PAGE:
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"Folks in Uganda love your story," Elizabeth Wood, my publisher, wrote to me recently. She was referring to my children's book The Blue Marble, which has just been imported back into the country in a novel way. She forwarded an email from Daria, one of her colleagues, who is currently on a trip to Uganda for the Worldreader project:
I'm so excited! When the teachers at Humble [a school in Uganda] saw that there were African books on their e-readers they actually seemed astounded. A quick look into Humble's library and you know why: everything was American. This might be going too far but they looked like they were in a state of disbelief, almost as if they themselves had never really connected the idea of books and African authors. Actually, when Esther said The Blue Marble was by a Ugandan writer a few of them commented in disbelief. Seeing the Ugandan names actually made a few of them giggle with surprise and delight. Jackee Batanda is going to be the first Ugandan author most of them read.
Worldreader is a non-profit organization committed to delivering digital books to children and families in the developing world using e-reader technology. Already launched in Kenya and Ghana, the project seeks to promote reading through e-readers and works with underprivileged schools. Worldreader launched in Uganda last week, and, judging by the emails, Ugandan teachers are excited.
Generally speaking, teachers in Uganda have little to be excited about. Last week, I read with trepidation that the government has, for the time being, ruled out pay rises for all civil servants (except those in the security sector). This country's fixation on high defense spending over quality of education and health care bodes ill for the nation's future. Around the world, the debate on the failing education standards is growing. What are the nations with the best education standards doing right? And what are those with low education standards doing wrong?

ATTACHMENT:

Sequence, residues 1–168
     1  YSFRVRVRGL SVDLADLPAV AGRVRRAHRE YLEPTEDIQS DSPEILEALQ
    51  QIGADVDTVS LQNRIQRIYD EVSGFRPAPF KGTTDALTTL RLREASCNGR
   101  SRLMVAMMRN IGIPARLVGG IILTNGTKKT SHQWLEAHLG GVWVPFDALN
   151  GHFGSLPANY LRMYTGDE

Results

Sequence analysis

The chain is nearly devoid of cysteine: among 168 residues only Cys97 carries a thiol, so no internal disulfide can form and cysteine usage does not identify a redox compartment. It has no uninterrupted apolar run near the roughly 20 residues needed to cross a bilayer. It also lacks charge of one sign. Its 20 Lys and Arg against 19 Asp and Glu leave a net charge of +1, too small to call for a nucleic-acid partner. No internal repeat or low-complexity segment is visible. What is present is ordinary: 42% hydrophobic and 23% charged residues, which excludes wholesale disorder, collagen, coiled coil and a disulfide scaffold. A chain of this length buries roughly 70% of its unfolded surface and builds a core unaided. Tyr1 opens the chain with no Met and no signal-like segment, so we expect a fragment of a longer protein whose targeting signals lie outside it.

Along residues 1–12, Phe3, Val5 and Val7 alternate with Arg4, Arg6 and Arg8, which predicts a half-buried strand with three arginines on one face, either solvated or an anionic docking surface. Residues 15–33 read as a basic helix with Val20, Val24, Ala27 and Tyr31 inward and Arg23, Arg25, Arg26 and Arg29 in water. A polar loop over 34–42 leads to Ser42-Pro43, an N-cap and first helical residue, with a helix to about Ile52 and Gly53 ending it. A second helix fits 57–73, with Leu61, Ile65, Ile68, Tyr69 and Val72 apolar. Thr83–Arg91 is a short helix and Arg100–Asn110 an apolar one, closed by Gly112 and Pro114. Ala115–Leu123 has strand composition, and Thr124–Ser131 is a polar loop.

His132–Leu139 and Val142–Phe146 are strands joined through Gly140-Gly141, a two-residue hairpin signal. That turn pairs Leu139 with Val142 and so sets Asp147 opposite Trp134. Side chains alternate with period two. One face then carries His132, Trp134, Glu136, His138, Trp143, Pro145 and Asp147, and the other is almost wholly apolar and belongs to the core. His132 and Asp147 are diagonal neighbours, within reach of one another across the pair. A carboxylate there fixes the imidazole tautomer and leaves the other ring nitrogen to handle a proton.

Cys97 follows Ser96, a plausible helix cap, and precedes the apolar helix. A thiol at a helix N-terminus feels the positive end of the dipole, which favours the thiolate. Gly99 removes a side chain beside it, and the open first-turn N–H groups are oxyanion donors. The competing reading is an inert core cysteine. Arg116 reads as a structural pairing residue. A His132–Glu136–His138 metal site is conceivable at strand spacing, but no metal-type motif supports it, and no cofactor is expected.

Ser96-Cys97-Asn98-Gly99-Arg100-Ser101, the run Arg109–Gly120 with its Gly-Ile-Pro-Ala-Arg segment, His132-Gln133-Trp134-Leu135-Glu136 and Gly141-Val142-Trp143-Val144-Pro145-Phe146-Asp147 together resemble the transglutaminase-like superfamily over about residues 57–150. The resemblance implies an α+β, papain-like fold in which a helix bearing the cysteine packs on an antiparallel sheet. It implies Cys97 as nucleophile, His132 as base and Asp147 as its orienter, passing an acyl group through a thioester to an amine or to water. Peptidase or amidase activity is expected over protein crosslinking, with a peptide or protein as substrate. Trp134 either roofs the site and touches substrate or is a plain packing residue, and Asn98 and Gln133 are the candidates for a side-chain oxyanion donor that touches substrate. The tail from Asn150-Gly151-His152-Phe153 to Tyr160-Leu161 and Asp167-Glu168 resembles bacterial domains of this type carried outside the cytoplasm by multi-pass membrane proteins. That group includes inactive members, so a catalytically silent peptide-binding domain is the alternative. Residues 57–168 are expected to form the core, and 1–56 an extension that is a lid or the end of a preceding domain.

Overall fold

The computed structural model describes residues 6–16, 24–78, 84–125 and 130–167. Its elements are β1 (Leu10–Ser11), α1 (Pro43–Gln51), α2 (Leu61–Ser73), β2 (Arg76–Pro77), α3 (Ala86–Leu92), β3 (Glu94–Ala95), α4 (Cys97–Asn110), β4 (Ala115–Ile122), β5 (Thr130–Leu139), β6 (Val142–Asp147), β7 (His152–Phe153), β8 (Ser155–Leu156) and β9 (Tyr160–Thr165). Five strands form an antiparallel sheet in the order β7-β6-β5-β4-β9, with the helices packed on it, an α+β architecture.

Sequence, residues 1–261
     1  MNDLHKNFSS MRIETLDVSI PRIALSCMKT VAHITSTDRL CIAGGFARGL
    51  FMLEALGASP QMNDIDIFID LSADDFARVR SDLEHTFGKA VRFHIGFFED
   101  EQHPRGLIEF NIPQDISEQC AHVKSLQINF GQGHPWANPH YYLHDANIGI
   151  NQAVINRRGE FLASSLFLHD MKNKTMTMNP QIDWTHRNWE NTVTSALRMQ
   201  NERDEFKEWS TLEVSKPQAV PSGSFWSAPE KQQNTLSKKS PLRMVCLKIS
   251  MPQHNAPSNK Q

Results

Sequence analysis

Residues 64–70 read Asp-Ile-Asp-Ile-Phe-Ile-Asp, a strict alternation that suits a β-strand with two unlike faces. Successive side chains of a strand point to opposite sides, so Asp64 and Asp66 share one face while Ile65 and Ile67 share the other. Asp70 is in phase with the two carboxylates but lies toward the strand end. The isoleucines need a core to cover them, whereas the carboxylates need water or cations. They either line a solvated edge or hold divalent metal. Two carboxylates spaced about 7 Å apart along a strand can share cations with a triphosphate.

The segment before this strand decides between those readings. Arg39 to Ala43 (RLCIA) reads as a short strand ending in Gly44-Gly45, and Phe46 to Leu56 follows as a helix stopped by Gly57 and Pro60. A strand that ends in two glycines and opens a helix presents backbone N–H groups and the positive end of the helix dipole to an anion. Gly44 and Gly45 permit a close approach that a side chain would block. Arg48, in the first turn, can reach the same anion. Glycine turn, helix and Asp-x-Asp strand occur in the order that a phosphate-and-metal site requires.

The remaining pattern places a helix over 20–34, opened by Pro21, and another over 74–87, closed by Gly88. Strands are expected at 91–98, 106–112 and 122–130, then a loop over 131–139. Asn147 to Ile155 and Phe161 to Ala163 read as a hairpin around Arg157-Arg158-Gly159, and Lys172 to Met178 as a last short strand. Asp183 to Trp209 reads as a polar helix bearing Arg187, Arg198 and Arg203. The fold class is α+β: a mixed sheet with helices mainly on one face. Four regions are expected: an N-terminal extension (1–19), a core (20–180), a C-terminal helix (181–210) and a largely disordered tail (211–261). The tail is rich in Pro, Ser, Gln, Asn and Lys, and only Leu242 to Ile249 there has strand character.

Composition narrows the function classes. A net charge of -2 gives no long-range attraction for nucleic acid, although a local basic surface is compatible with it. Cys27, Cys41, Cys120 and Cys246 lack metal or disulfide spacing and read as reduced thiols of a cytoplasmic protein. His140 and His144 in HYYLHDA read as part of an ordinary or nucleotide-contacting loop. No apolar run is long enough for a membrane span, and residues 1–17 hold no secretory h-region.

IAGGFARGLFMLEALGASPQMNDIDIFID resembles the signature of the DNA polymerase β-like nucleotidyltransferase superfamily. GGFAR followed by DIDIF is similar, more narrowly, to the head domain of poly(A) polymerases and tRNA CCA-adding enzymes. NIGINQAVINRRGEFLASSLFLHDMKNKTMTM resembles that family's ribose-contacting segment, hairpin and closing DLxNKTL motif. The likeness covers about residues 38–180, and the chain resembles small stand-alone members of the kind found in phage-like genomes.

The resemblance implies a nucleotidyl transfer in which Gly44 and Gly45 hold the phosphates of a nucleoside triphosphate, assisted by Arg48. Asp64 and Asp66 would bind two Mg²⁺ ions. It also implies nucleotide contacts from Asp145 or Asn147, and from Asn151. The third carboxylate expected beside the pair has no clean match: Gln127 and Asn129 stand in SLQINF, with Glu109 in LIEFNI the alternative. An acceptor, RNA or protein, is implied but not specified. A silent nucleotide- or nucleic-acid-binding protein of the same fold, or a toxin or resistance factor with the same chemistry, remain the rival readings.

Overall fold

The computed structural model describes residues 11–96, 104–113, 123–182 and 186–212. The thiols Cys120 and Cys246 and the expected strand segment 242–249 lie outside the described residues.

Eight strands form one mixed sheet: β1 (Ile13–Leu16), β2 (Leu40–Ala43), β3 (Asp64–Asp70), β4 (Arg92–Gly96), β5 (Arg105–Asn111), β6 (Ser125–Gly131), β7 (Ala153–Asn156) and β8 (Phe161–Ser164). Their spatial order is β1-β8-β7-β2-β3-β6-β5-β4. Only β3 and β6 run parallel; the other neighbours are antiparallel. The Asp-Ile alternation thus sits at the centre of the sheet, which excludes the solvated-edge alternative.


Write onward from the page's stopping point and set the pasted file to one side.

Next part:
Uganda boasts high student enrollment due to a policy of free universal primary and secondary education. The numbers look good when it comes to World Bank statistics on enrollment, but they tend to ignore the quality of education. In an op-ed he published in Uganda's The Independent newspaper last year, Bob Kasango argues for the need to overhaul the whole education system and motivate teachers. He quotes reports indicating that children who have passed through the Ugandan school system cannot tell time or do simple mathematical calculations. He argues that the need to improve education standards is of the essence.
To compete, we either must raise our educational standards or we shall be left out and left behind. But how do we do this? The answer is simple. Get more and great teachers, pay them well and treat them with the same professional respect we accord to lawyers, engineers, doctors, accountants etc. But developing great teachers requires an extremely rigorous and competitive process. They must be subjected to entry exams to a teaching job and continuously assessed and given regular periodical training to widen and upgrade their knowledge base. The teacher-student ratio must not defy the principal laws of meaningful learning....
Last year teachers participated twice in national strikes, calling on the government to increase their salaries by 100 percent. The average income of a primary school teacher is 260,000 shillings ($93 USD) per month, according to local press reports. They threatened another strike this year. Instead the government promised to raise their salary by 15 percent in the next financial budget cycle. The decision to increase teacher's pay by only 15 percent underscores the failure to grasp that more money needs to be channeled into education if we are to develop as a nation.
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Transitions is the group blog of the Democracy Lab channel, a collaboration between Foreign Policy and the Legatum Institute.